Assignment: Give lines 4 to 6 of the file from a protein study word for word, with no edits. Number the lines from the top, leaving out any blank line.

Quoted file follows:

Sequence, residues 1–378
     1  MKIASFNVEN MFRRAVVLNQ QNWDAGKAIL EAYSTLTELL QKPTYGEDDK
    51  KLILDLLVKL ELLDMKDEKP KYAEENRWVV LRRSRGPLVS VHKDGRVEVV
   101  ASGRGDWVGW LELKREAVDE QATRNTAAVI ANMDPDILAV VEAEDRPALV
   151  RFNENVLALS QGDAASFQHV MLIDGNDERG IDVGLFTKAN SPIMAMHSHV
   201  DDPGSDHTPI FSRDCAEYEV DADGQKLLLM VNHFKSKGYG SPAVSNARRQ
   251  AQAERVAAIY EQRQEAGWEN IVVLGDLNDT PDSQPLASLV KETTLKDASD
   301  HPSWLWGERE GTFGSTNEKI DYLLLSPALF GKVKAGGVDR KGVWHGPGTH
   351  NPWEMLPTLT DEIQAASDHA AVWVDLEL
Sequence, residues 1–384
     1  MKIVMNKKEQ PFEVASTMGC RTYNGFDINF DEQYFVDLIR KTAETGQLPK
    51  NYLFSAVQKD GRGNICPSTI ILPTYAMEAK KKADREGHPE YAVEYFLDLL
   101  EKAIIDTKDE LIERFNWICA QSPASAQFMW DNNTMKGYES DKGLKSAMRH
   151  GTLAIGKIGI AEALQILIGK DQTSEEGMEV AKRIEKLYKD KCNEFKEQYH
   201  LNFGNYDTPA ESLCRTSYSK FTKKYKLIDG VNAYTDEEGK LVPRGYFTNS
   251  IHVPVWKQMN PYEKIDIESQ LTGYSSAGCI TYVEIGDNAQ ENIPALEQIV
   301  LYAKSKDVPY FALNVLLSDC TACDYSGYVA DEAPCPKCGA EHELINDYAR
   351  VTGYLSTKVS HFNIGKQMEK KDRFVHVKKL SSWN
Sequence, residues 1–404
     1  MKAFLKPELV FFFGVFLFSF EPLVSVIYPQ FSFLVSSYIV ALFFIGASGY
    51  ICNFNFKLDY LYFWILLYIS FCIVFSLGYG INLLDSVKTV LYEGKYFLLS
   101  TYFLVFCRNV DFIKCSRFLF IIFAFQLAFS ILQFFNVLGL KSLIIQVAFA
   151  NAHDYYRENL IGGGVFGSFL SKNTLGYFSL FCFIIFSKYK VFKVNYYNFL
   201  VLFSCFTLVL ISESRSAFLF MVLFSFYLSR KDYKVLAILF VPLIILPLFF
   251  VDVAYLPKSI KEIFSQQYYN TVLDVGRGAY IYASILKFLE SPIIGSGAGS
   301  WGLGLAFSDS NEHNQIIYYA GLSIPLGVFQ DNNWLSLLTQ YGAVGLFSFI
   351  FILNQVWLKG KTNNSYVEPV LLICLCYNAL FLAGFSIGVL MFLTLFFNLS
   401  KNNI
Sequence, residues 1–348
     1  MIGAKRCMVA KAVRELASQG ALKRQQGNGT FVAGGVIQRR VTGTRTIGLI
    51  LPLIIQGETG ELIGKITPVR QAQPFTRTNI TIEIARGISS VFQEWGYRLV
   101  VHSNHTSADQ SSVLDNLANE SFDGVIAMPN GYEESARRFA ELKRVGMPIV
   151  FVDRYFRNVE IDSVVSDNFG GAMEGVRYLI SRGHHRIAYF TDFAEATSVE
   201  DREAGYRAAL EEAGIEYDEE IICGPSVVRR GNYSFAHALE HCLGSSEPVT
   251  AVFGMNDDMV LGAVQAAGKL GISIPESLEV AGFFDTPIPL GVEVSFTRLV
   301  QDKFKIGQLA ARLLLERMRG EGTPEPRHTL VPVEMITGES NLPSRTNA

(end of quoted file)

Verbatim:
   101  ASGRGDWVGW LELKREAVDE QATRNTAAVI ANMDPDILAV VEAEDRPALV
   151  RFNENVLALS QGDAASFQHV MLIDGNDERG IDVGLFTKAN SPIMAMHSHV
   201  DDPGSDHTPI FSRDCAEYEV DADGQKLLLM VNHFKSKGYG SPAVSNARRQ